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phillipwood
09-27-2011, 08:04 AM
Hello,

Firstly I'm new here. In fact I'm a complete amateur on computers so please go easy on me.

I've been fortunate enough not to have any problems with my 2007 MacBook until now. I turned it on last week and for whatever reason, I was welcomed buy an unloading progress bar and the Apple logo. It never gets further than that, and switches it self off. I learned the ctrl+s/v option from a little digging and ran into the fsck command prompts from here: http://hints.macworld.com/article.php?story=20070204093925888

The problem is it doesn't work for me. When I command: "sbin/fsck -fy" it says:
Disk Full Error
The volume Macintosh HD could not be repaired
/dev/rdisk0s2 (hfs) EXITED WITH SIGNAL 8

OK. I understand from the aforementioned link that this may happen. So I proceed and enter the commaned: umount /dev/disk0s2 it says this:
"Not currently mounted"
When I finally enter fsck_hfs -r(and I've done -f) /dev/disk0s2 I get:
Disk full error
The volume Mac HD could not be repaired.

Argh! I've tried to load/repeat/reboot and I've done this from the terminal screen so many times.

Does anyone have any tips or advice to get around this, perhaps I'm missing something glaringly obvious - I'll be the first to admit I have no idea really what I doing in command prompt mode - I'm just following gratefully, the advice posted elsewhere. If there's anyone who could help out, I'd be very thankful.

I don't have the OS X Leopard start disk anymore, I've moved house numerous times over the years. I've read that Disk Warrior could help, I'd rather use this as a last resort to preserve my - foolishly - unbacked up files.

Many thanks in advance.

Phillip.

hayne
09-27-2011, 10:45 AM
If I were you, I'd buy Disk Warrior and then install it on a friend's Mac. Then mount your Mac's drive on the friend's Mac using Firewire "target disk" mode and use Disk Warrior on the friend's Mac to repair your drive's filesystem.

But you might be able to proceed with your current method if you just removed some files in single-user mode (after enabling the disk for writability with: /sbin/mount -uw / ). I'm talking about removing some files from your home folder (under /Users) - e.g. remove some large movie files, etc to get some free space on the disk.

phillipwood
09-27-2011, 11:12 AM
Thanks for taking out the time to reply, appreciate it.

I'll keep that in mind but sadly all my friends use Windows. In the meantime I've been advised to get into the disk utility and erase everything. Before I do so I'm using Time Machine to back up the files on a dusty external drive.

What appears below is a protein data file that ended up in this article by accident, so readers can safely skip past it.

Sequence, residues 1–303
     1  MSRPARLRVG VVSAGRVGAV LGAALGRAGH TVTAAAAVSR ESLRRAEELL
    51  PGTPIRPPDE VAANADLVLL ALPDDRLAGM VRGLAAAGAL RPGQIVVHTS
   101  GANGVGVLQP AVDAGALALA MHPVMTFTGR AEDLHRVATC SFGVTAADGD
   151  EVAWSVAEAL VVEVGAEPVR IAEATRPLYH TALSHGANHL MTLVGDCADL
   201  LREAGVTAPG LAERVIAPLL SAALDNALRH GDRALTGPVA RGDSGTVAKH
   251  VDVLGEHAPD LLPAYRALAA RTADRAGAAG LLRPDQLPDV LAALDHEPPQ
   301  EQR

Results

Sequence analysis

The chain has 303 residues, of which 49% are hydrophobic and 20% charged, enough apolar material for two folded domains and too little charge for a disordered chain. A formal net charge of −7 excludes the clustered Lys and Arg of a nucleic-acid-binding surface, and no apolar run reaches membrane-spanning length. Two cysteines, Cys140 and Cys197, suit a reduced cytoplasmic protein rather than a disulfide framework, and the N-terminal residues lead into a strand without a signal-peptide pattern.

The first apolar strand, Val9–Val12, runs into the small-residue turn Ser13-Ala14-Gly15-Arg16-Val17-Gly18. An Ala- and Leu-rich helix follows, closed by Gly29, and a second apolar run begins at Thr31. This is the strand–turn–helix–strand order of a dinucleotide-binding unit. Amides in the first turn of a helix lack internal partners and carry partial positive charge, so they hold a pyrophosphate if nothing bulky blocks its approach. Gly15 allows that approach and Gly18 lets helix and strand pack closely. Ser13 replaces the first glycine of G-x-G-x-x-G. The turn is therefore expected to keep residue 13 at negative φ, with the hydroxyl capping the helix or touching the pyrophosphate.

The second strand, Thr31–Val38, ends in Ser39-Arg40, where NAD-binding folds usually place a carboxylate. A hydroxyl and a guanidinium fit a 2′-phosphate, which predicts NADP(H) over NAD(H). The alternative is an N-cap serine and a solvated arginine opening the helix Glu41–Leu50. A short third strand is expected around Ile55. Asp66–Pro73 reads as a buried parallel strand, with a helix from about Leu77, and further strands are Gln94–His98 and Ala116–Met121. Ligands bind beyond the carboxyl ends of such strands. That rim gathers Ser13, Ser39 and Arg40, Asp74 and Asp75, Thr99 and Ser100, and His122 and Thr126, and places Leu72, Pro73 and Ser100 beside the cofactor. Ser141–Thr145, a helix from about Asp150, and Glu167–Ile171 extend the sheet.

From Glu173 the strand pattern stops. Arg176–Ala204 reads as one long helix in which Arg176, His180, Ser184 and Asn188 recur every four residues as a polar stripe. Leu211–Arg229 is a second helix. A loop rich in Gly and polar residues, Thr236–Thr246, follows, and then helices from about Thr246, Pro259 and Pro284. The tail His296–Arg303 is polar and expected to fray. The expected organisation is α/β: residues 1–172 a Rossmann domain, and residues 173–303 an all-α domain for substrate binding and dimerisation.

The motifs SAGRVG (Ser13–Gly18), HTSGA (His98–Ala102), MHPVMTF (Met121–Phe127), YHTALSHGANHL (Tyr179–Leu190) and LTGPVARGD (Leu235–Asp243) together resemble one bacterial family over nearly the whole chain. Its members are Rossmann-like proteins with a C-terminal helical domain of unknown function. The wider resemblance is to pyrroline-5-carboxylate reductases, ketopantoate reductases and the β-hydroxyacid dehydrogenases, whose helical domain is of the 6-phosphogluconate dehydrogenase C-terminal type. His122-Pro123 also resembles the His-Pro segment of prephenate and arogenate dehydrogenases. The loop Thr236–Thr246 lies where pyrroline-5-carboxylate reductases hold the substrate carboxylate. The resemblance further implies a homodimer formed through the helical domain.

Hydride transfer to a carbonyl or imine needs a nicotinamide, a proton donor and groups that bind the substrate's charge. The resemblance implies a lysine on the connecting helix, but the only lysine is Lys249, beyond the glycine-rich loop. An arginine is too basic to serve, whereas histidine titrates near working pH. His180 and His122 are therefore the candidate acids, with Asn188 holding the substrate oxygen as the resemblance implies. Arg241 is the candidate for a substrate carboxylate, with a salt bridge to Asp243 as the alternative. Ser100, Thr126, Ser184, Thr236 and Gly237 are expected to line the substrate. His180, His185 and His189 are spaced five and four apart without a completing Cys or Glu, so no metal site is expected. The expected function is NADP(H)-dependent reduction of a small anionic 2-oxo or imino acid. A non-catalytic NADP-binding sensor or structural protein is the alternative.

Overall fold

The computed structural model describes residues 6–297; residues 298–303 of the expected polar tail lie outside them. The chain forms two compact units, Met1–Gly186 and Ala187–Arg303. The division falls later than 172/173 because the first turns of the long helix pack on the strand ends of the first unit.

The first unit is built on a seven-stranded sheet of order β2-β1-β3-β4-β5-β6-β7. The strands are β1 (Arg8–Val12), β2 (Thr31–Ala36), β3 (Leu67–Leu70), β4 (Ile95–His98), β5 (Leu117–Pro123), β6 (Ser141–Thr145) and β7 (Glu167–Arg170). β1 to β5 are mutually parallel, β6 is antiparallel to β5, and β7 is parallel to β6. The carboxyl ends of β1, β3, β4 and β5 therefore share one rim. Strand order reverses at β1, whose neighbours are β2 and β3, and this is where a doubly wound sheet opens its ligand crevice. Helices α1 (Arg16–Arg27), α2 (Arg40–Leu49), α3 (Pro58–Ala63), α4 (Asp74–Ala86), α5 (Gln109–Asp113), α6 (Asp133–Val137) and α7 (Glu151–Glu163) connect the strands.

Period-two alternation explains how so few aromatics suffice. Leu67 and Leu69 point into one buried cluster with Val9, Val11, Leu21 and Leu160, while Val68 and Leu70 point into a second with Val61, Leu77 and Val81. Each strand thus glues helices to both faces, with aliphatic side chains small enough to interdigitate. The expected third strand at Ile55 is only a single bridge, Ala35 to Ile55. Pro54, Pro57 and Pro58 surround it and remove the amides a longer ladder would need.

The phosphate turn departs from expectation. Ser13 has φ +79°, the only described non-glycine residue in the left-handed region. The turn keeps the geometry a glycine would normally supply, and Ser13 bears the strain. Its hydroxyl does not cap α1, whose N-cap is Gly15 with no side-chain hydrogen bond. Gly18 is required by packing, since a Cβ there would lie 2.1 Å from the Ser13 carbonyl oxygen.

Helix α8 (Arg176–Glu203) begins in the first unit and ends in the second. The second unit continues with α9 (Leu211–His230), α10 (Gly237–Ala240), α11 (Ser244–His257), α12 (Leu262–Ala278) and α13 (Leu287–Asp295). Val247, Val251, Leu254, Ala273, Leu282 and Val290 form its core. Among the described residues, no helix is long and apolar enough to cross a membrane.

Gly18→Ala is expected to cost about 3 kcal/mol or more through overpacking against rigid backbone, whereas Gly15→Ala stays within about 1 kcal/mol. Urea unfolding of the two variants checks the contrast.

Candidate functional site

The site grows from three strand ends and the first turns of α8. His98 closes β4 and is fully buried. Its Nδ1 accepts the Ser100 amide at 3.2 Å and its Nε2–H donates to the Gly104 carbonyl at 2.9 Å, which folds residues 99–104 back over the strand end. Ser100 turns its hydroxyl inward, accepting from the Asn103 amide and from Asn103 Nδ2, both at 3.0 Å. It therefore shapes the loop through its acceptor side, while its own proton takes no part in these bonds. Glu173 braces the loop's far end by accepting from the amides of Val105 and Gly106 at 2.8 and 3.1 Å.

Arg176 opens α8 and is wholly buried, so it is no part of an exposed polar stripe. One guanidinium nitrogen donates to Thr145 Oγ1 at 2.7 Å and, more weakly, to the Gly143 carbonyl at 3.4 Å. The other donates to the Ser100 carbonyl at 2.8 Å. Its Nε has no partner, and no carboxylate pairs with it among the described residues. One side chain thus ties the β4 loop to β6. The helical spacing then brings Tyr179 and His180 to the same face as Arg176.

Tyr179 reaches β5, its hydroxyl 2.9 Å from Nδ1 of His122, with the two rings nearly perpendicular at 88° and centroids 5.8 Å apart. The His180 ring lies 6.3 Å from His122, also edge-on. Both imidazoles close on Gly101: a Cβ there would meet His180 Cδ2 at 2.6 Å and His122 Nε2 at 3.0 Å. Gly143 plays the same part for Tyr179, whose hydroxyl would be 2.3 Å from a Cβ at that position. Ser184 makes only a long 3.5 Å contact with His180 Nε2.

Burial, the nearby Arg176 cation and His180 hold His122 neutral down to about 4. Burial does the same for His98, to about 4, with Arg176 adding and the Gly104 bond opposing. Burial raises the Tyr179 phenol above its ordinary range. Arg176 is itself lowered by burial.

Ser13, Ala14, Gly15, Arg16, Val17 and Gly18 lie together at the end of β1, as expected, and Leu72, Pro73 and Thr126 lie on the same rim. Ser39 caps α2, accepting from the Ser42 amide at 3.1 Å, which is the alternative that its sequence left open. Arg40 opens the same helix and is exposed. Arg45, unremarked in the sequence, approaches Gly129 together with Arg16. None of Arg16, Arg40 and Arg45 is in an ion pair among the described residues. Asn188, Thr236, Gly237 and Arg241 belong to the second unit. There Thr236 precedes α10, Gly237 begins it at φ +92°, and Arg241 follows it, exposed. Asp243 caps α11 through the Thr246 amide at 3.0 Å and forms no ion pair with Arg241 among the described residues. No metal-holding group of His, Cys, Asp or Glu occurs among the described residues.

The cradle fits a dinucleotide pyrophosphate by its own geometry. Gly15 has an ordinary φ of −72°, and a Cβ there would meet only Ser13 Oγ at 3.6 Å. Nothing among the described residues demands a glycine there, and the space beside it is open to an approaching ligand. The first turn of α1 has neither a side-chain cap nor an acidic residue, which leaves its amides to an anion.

I had about 9gb space on my HD before it crashed so I'm surprised it says it's full. I've kept it at this level for some time (the whole macbook only holds 40gb).

Once TM has worked I'll erase everything via the disk utility and give it another go.

I'm unemployed at the moment so any way to fix it by not purchasing additional software is my priority.

Will keep you posted.

phillipwood
09-27-2011, 11:52 AM
Thanks for replying, much appreciated.

Sadly all my friends where I've moved are Windows users. I've spent a while looking around to see what else I can do and familiarise myself with command language.

I've managed to find a dusty external HD which I'm currently running to back up my Mac HD on Time Machine. Preceding this, I repaired my disk permissions. When I went to verify them, it said I couldn't and didn't have permission. Whilst a fan of irony, it wasn't what I wanted to see.

After my TimeMachine finishes I've been advised to Erase the Mac HD and start again. Not a problem but will it erase the OS too?

On another note, I'm also unsure on why it states I have a full HD when before it crashed I had at least 9GB left (its capacity is only 40gb).

Sadly I'm not very flush at the moment so any way I can circumvent paying out for software (I've already forked out for a new charger and battery thinking they were the cause before I knew about the single viewer mode) will be my main priority.

I'll let you know how it goes.

hayne
09-27-2011, 06:45 PM
Erasing the hard drive will erase everything (including the OS) and (as far as I know) you will need to install OS X from the Install DVD before you will be able to use your Time Machine backup.

By the way, the hard drive in a 2007 MacBook is likely due for replacement. Typical lifetimes for laptop drives is about 3 years.